Micro-dissected Malpighian tubules were photographed on a Leica MZ FLIII Fluorescence Stereomicroscope with Leica MZ series 10X/21B Widefield Adjustable eyepieces equipped with a Canon DS126201 EOS 5D MARK II, using visible light. Canon raw files were converted into TIF format (Adobe Lightroom 3.2). Images were merged and processed with Adobe Photoshop CS5. Immunofluorescence: dissected Malpighian tubules were fixed (20 min. in 4% paraformaldehyde 1X PBS 0.1% Tween-20), washed in PBT, incubated with primary antibody (anti-BicC [24] 1:1000, anti-d-Myc monoclonal 1:20, gift of Dr. Bruce Edgar) followed by Alexa Fluor 488 or 546 conjugated secondary antibodies (Molecular Probes) and DAPI, mounted (ProLong Gold, Molecular Probes), and imaged (Zeiss LSM710 confocal microscope). Acquired images were exported as TIF files (ZEN 2012), and processed with Adobe Photoshop CS5. 5μm thick section of paraffin-embedded, formaldehyde-fixed kidneys from adult mice were de-paraffinized, treated with NaBH4 for 30 min, washed with TBS, 1% SDS (5 min) and washed as described above prior to blocking (mouse IgG) and probing with 1:30 anti-Bicc1 polyclonal (Aviva Systems Biology), or blocking buffer (control), followed by Alexa-Fluor 546-conjugated secondary antibody and DAPI. Sections were mounted in ProLong Gold. Antibody controls are shown in S5 Fig.

Immunoprecipitation and RNA assays

250 μl of packed, microdissected wild-type Malphighian tubules were lysed in ice-cold buffer (25 mM Hepes pH 6.8, 50 mM KCl, 1 mM MgCl2, 1 mM DTT, 125 mM sucrose, 100 U/ml RNasin (Promega) and cleared by centrifugation (10,000 g, 10 min, 4°C). The supernatant was brought to 0.2% Triton-X100, pre-cleared with protein A Sepharose, and incubated (2.5 hours, 4°C) with 25 μl of protein A Sepharose Fast Flow (GE Healthcare) pre-conjugated to either Bic-C anti-serum or non-immune control serum. The beads were washed in binding buffer, with 0, 250, 500, 600, mM NaCl and rinsed in 250 mM NaCl containing buffer, treated with proteinase K, extracted with phenol-chloroform and precipitated with ethanol. For the control RNA immunoprecipitation 150 Malpighian tubules from each genotype were lysed and processed as above. Extracts were divided equally and incubated with either non-immune or anti-BicC immune conjugates. RNA from the immunopurified RNPs was extracted with GENEzol (Geneaid) following recommended procedures. Recovered RNA was reverse transcribed with Superscript II and random primers (both Invitrogen) following the manufacturer’s recommendations. RT-PCR was performed with 1/10 of the reactions and the following gene specific primers: d-Myc (Forward, F: 5’CGATCGCAGACGACAGATAA3’, Reverse, R: 5’GGGCGGTATTAAATGGACCT3’), tubulin 84B (F: 5’TTACGTTTGTCAAGCCTCATAGC3’, R: 5’CTGAAGAAGGTGTTGAACGAGTC3’), BicC (F: 5’AATAGCTTTCCCGCACAACACAGC 3', R: 5' AAGGCAACTACGACCTATTGGCAC 3'), d-S6K (F: 5’ CAGTCAAGCATCCCTTCATAGT 3’, R: 5’ CGGTAGATGATGCCCAGTTT 3’), d-TOR (F: 5’ AGCTCTTTCGCTGTGCCAAT 3’, R: 5’ TCCAGTACGTTGTGGCTCGC 3’).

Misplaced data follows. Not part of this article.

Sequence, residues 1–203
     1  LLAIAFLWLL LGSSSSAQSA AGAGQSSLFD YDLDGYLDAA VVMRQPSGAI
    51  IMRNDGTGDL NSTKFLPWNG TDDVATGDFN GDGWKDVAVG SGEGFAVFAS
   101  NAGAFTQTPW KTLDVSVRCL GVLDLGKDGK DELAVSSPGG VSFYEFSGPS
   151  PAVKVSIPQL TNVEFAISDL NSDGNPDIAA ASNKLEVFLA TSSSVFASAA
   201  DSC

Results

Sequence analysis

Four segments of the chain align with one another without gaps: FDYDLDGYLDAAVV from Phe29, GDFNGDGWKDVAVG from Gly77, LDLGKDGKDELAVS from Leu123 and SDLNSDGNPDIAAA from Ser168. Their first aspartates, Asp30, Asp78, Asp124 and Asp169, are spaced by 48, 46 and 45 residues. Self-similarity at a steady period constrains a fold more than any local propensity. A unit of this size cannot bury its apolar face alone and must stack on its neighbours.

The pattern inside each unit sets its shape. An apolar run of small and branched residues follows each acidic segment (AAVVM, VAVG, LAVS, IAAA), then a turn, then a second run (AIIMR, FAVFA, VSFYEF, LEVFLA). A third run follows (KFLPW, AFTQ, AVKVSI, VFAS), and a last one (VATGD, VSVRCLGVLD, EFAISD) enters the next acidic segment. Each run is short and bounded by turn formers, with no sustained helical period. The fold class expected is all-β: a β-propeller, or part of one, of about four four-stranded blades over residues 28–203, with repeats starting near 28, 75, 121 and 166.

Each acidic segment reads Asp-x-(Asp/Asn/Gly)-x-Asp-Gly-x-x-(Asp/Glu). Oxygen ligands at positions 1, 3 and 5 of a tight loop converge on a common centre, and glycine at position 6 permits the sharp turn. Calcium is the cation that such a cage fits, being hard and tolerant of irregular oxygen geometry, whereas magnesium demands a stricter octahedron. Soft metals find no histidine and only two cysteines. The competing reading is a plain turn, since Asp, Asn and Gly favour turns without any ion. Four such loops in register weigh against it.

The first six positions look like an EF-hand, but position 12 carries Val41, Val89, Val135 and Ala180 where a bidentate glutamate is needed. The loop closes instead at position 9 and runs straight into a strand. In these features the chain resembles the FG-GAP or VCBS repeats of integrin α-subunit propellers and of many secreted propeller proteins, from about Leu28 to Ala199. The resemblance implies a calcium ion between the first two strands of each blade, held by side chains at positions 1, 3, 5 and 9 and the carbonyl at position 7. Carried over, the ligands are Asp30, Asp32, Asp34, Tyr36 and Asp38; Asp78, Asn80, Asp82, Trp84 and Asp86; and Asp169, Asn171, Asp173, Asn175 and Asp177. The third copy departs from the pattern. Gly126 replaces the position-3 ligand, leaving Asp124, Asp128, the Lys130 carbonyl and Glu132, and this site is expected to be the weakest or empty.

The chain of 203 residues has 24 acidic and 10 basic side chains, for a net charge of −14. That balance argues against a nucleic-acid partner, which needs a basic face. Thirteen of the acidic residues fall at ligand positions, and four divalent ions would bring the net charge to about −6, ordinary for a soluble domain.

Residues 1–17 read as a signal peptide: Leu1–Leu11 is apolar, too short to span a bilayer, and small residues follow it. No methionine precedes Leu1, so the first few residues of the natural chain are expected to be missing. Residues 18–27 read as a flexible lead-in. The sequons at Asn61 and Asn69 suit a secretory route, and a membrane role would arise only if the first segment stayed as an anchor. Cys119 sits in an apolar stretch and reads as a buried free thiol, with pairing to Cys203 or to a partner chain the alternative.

Supporting information

S1 Fig. Wild type and BicCΔ/+ heterozygote flies have similar survival.

Survival assays of populations of wild-type (wt) and BicC heterozygotes for the BicC deletion (Δ/+, n = 200, with standard deviations) showing that BicC hemizygotes and wild-type flies displayed similar survival.


S2 Fig. Flies were fed on high salt vials containing green food dye for 30 hours, frozen and mounted on modeling clay for photography.

For image clarity legs were clipped.


S3 Fig.

(A) Representative d-Myc and tubulin immunoblots of extracts from five Malpighian tubules dissected from flies of the following genotypes: d-myc RNAi driven in BicCYC33/YC33 homozygotes (BicCYC33; Gal4>mycRNAi); BicCYC33/YC33 homozygotes (BicCYC33, sibling to the previous flies); wild-type (wt); heterozygotes for BicCYC33 and the c42 Gal4 driver. The TRiP line used in these assays was JF01761. (B) Corresponding graph summarizing quantitative immunoblots of means ± standard deviations of d-Myc/tubulin ratios from independent biological replicas per each genotype (n, indicated). Values were normalized to the wild-type average; p values (Student’s t test) are shown for the BicC mutants and rescued flies. For the latter, significance was computed compared to wild type (top) and BicC mutant (below). Reducing d-myc expression in BicCYC33/YC33 mutants decreased the d-Myc protein.


S4 Fig. BicC alleles BicCYC33 and BicCIIF34 produce truncated proteins.

BicC immunoblots of extracts from dissected ovarian stages 1–9 (20 μg/lane) of the following genotypes: OreR (wild type, wt, lane 1); BicCΔ/YC33 (lane 2); BicCΔ/IIF34 (lane 3); w EGFPnos (E, Forrest et al. 2004, lane 4); w EGFPnos; BicCΔ/YC33 (E; BicCΔ/YC33; lane 5); w EGFPnos; BicCΔ/IIF34 (E; BicCΔ/IIF34; lane 6) show that both BicCΔ/YC33 and BicCΔ/IIF34 flies produced truncated BicC proteins (asterisks), compared to the full-length BicC protein found in wild type and the w EGFPnos ovaries (lanes 1 and 4, respectively). The smudge at ~ 100 kDa in lane 6 was due to spill over from the sample in the next well.